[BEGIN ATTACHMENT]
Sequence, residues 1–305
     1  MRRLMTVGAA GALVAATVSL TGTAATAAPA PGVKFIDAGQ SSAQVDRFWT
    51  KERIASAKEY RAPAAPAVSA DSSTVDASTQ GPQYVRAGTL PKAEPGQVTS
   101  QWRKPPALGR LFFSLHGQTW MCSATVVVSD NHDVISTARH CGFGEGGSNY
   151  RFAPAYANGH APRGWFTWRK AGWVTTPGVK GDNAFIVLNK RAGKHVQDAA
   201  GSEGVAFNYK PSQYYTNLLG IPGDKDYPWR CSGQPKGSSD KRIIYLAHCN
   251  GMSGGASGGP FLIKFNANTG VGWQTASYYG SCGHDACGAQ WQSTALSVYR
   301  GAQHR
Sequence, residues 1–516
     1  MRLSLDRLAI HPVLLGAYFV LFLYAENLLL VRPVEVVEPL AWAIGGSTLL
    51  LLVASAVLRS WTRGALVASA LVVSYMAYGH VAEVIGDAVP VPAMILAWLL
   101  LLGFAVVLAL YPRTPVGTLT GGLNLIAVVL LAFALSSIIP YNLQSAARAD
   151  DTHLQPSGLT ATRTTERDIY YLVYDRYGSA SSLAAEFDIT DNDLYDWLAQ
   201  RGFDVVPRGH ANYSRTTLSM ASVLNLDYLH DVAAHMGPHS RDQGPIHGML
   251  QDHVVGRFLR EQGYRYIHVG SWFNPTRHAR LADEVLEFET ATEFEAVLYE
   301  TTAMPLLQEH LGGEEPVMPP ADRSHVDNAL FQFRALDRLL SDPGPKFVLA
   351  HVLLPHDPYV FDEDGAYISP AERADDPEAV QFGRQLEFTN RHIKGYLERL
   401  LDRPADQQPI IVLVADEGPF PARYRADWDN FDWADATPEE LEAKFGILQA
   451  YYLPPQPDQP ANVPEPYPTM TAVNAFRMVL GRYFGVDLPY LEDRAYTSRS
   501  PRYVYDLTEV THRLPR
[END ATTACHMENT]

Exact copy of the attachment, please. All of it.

Sequence, residues 1–305
     1  MRRLMTVGAA GALVAATVSL TGTAATAAPA PGVKFIDAGQ SSAQVDRFWT
    51  KERIASAKEY RAPAAPAVSA DSSTVDASTQ GPQYVRAGTL PKAEPGQVTS
   101  QWRKPPALGR LFFSLHGQTW MCSATVVVSD NHDVISTARH CGFGEGGSNY
   151  RFAPAYANGH APRGWFTWRK AGWVTTPGVK GDNAFIVLNK RAGKHVQDAA
   201  GSEGVAFNYK PSQYYTNLLG IPGDKDYPWR CSGQPKGSSD KRIIYLAHCN
   251  GMSGGASGGP FLIKFNANTG VGWQTASYYG SCGHDACGAQ WQSTALSVYR
   301  GAQHR
Sequence, residues 1–516
     1  MRLSLDRLAI HPVLLGAYFV LFLYAENLLL VRPVEVVEPL AWAIGGSTLL
    51  LLVASAVLRS WTRGALVASA LVVSYMAYGH VAEVIGDAVP VPAMILAWLL
   101  LLGFAVVLAL YPRTPVGTLT GGLNLIAVVL LAFALSSIIP YNLQSAARAD
   151  DTHLQPSGLT ATRTTERDIY YLVYDRYGSA SSLAAEFDIT DNDLYDWLAQ
   201  RGFDVVPRGH ANYSRTTLSM ASVLNLDYLH DVAAHMGPHS RDQGPIHGML
   251  QDHVVGRFLR EQGYRYIHVG SWFNPTRHAR LADEVLEFET ATEFEAVLYE
   301  TTAMPLLQEH LGGEEPVMPP ADRSHVDNAL FQFRALDRLL SDPGPKFVLA
   351  HVLLPHDPYV FDEDGAYISP AERADDPEAV QFGRQLEFTN RHIKGYLERL
   401  LDRPADQQPI IVLVADEGPF PARYRADWDN FDWADATPEE LEAKFGILQA
   451  YYLPPQPDQP ANVPEPYPTM TAVNAFRMVL GRYFGVDLPY LEDRAYTSRS
   501  PRYVYDLTEV THRLPR